EU's School Milk Scheme, School Fruit Scheme largely ineffective, has very little impact, says European Court of Auditors

LUXEMBOURG , October 24, 2011 (press release) – The European Union’s School Milk Scheme (SMS) and School Fruit Scheme (SFS) aim to encourage children to eat healthily by consuming dairy products and fruit and vegetables, and to contribute to improving the market for these products. The SMS has made grants available to Member States since 1977 for the sale of reduced rate milk products to school children, while free distribution under the SFS has started much more recently in the 2009/2010 school year. The EU now earmarks an annual budget of € 180 million for those two schemes.

This European Court of Auditors’ (ECA) performance audit assessed the effectiveness of the two schemes, notably assessing whether the EU subsidies have a direct impact on the beneficiaries' consumption and if the schemes are likely to meet their educational objectives and influence future eating habits.

The audit concluded that the Milk Scheme is largely ineffective and has very little impact, as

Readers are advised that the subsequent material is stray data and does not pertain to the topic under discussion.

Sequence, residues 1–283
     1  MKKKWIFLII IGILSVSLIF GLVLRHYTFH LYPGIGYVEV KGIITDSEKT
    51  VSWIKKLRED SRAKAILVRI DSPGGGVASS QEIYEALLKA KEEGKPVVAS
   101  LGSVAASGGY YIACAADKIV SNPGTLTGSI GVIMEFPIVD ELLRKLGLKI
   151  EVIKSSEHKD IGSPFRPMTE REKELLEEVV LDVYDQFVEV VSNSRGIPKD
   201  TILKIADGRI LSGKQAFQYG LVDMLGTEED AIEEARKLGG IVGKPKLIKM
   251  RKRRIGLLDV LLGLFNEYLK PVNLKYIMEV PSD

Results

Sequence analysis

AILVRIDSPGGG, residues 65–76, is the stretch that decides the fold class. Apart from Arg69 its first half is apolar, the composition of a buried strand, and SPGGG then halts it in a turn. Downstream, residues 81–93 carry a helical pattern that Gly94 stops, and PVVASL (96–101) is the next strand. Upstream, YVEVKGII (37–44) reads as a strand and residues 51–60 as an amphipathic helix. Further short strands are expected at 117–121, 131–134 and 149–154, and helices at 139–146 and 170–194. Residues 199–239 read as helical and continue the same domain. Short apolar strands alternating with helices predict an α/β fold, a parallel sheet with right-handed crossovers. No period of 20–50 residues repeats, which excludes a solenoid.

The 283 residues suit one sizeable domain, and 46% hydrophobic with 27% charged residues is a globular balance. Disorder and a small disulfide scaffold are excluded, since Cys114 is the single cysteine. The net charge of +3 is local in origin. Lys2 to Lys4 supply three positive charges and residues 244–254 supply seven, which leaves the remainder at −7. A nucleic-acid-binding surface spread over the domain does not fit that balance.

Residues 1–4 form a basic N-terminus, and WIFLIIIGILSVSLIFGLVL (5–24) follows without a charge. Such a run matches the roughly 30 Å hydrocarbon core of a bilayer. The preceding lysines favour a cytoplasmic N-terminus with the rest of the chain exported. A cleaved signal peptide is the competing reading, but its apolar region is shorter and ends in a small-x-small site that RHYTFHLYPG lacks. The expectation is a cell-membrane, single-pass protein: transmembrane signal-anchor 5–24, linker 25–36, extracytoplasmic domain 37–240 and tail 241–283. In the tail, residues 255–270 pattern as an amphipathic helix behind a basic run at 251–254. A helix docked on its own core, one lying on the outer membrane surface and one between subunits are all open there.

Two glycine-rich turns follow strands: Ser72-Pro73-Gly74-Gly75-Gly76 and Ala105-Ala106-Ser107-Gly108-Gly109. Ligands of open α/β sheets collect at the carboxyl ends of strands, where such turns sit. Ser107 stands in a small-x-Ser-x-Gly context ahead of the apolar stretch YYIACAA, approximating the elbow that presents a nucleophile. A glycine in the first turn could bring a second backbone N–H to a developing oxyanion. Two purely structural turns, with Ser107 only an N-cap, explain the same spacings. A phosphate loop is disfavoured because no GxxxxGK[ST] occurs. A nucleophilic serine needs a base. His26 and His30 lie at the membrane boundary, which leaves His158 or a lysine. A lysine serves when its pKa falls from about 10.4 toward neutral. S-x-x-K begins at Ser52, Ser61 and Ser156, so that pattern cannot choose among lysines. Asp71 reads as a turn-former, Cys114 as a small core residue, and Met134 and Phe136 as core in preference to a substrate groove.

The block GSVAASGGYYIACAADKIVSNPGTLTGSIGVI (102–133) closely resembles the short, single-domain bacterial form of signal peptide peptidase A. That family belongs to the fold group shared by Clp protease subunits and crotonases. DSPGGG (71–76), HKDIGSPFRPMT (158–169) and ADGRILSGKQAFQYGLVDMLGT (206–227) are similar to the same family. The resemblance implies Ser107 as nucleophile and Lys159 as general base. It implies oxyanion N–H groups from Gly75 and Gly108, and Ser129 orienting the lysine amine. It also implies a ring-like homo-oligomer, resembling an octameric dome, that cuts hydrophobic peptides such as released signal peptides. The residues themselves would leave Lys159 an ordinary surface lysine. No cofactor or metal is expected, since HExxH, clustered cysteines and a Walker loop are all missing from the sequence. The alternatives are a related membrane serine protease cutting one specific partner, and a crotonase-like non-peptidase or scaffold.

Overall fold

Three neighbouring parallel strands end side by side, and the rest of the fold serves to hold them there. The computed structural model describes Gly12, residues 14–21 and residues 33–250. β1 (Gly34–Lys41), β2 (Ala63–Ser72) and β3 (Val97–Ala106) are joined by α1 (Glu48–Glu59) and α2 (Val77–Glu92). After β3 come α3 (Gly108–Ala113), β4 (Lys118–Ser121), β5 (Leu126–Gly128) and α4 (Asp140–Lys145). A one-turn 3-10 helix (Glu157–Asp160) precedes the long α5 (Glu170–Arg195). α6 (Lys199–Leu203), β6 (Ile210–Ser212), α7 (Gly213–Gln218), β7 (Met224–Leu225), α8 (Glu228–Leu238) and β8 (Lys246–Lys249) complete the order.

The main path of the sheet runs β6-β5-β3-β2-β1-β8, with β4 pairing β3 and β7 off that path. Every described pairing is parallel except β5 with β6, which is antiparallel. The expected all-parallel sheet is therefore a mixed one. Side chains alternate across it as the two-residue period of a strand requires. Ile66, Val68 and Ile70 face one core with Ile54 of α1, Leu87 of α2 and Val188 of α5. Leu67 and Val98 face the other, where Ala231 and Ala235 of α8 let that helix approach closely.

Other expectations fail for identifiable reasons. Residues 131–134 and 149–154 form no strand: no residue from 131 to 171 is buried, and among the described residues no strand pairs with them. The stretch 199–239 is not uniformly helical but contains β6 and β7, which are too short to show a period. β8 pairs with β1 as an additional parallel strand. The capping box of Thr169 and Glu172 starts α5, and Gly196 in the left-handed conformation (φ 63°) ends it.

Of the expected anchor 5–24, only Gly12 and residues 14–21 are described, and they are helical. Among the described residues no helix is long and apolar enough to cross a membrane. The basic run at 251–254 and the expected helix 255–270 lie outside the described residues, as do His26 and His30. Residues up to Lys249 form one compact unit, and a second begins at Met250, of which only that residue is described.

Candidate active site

It is affected by very significant deadweight, i.e. the subsidised products, in most cases, would have been included in canteen meals or bought by the beneficiaries without the subsidy. This effect is enhanced by the lack of a mechanism for targeting priority needs.

The stated educational goals are insufficiently taken into account in the design and implementation of the scheme.

Although it is too early to conclude on the effectiveness of the School Fruit Scheme, its design gives it a better chance to achieve its objectives. Some solutions employed for the Fruit Scheme could be considered as possible ways to improve the effectiveness of the Milk Scheme.

The ECA makes a series of recommendations, especially for the SMS. If this scheme is to be continued, thorough reforms will be needed to remedy the weaknesses identified. The model of distribution outside canteens and free of charge should be considered, targeting a population to be determined in relation to actual nutritional needs. The role and importance of the accompanying educational measures should be assessed. There should also be greater coordination and synergy between the two schemes to ensure that they have a harmonised approach to nutrition and are managed efficiently.

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